Mind tricks: saving money for that holiday

 

 

Bad spending habits are just that: habits. And habits can be broken. With a shift in thinking, a little planning and some glossy holiday brochures as the dangling carrot, you’ll soon find yourself saving money and taking off for a fortnight of holiday bliss.

saving money

1.  Set your sights

We aren’t kidding: get yourself a visual reminder of your financial goal to encourage saving. Choose the most tantalising pic of your dream destination and make it your desktop wallpaper

2. Break it down

Planning is key to saving money. Break down your holiday expenses. Be detailed and realistic. You need to know how much you require and how long it will take to get it. By having a plan, you will start following it and when you get on holiday, you'll add to the break bliss by not having to worry if you've got enough.

3. Separate your savings

Consider a separate account for your holiday savings, one with high interest and limited withdrawals. Work out how much you need to set aside each payday then schedule an automatic transfer. The money will be safely set aside before you even realise it’s there.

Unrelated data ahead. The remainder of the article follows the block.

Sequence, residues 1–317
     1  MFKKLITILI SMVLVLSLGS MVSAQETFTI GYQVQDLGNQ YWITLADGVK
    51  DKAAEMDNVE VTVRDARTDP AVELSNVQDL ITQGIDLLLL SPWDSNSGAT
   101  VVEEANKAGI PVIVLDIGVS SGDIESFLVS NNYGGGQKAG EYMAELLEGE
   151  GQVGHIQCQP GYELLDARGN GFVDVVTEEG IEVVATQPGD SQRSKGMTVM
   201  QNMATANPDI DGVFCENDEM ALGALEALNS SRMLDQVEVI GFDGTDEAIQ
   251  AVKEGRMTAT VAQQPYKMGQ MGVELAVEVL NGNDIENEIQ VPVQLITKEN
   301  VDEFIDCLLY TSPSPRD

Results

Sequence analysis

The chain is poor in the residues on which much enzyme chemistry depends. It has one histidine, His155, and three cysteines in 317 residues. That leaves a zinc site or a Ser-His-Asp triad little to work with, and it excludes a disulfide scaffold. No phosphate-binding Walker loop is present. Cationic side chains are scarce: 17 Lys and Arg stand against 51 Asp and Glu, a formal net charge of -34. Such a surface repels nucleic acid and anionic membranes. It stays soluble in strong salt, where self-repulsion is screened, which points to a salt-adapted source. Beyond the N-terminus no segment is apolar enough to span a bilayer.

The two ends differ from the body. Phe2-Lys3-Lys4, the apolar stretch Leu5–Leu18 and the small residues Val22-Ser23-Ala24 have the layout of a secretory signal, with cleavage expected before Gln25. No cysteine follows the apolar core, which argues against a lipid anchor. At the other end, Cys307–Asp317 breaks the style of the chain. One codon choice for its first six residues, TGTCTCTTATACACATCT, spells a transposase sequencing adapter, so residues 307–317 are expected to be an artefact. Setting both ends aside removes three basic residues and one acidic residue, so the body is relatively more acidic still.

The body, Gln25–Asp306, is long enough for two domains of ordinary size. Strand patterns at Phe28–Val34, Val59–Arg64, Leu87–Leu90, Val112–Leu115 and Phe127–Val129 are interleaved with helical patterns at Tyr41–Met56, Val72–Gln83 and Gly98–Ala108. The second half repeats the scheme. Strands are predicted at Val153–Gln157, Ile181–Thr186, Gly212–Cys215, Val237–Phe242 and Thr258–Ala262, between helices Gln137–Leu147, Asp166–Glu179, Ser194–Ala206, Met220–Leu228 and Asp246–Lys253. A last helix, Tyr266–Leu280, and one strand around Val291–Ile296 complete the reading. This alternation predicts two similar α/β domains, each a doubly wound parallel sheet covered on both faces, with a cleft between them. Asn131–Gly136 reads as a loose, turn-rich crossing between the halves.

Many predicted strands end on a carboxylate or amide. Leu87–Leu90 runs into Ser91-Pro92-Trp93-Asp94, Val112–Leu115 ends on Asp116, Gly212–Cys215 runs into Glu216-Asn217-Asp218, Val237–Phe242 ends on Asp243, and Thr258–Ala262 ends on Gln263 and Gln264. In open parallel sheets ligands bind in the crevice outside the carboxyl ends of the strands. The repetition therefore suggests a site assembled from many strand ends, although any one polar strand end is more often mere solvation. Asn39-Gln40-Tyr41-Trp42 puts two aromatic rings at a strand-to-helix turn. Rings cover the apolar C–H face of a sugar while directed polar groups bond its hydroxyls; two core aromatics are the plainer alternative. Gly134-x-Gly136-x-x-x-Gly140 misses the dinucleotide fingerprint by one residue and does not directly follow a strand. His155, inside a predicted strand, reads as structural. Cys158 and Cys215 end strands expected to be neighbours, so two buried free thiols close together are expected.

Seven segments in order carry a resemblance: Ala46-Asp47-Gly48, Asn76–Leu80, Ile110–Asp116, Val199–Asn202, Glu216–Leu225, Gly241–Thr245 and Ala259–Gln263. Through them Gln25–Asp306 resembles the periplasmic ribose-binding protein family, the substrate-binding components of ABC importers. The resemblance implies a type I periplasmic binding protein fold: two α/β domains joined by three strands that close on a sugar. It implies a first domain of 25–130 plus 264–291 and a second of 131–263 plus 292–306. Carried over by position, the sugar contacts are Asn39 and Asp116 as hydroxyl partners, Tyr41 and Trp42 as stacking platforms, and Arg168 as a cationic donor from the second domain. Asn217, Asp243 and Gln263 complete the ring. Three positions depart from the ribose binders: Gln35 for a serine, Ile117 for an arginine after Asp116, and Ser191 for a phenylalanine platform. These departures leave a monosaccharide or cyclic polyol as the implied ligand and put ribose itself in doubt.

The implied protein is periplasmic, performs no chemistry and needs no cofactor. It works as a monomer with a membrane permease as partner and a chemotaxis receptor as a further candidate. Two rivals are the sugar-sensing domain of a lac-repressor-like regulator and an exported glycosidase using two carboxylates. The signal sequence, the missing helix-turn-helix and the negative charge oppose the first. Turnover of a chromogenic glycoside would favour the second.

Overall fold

4. Spend with your head, not your heart

Set up direct debits for your big-ticket items: mortgage, utilities, insurance, etc. What’s leftover is your spending money until the next pay check. Use it wisely – when it’s gone, it’s gone. Separate wants from needs. Wait 24 hours before making a purchase. Keep track of everything you buy. There are apps to help with that last one. By tracking your spending you’ll make it less impulsive and more rational.

5 . Use cash, not cards

Money saving psychology says use cash, not cards. Cash is tangible – you can see it, touch it, smell it. When you have to hand it over you feel its loss. With cards, the value of money is less tangible. Paying with cash makes us think twice about a purchase – and not buying today means saving more for tomorrow.

6. Reward yourself

You know what they say about all work and no play. Your holiday is your big money saving carrot, but you’ll need some smaller ones to crunch along the way. Set milestones. When you reach them, give yourself a reward – but keep it in proportion. Maybe something you want to take with you, like a travel book or new bathers. There's research that shows how saving money can make people happier than spending it. Sure, delayed gratification is hard to begin with. But it gets easier – and more addictive. Before you know it, these money-saving tips will whisk you out of the red… and into the sun.